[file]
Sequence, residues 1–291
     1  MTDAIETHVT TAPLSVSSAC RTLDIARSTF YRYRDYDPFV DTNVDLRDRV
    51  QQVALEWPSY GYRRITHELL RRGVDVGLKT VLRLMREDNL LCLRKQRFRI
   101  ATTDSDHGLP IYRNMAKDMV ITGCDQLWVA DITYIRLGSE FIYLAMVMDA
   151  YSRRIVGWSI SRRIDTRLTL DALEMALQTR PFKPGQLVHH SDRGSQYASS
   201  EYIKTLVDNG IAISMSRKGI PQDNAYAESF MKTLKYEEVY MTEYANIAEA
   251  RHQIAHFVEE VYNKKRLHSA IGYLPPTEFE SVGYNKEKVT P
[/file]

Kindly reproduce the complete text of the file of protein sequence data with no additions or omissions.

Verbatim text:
Sequence, residues 1–291
     1  MTDAIETHVT TAPLSVSSAC RTLDIARSTF YRYRDYDPFV DTNVDLRDRV
    51  QQVALEWPSY GYRRITHELL RRGVDVGLKT VLRLMREDNL LCLRKQRFRI
   101  ATTDSDHGLP IYRNMAKDMV ITGCDQLWVA DITYIRLGSE FIYLAMVMDA
   151  YSRRIVGWSI SRRIDTRLTL DALEMALQTR PFKPGQLVHH SDRGSQYASS
   201  EYIKTLVDNG IAISMSRKGI PQDNAYAESF MKTLKYEEVY MTEYANIAEA
   251  RHQIAHFVEE VYNKKRLHSA IGYLPPTEFE SVGYNKEKVT P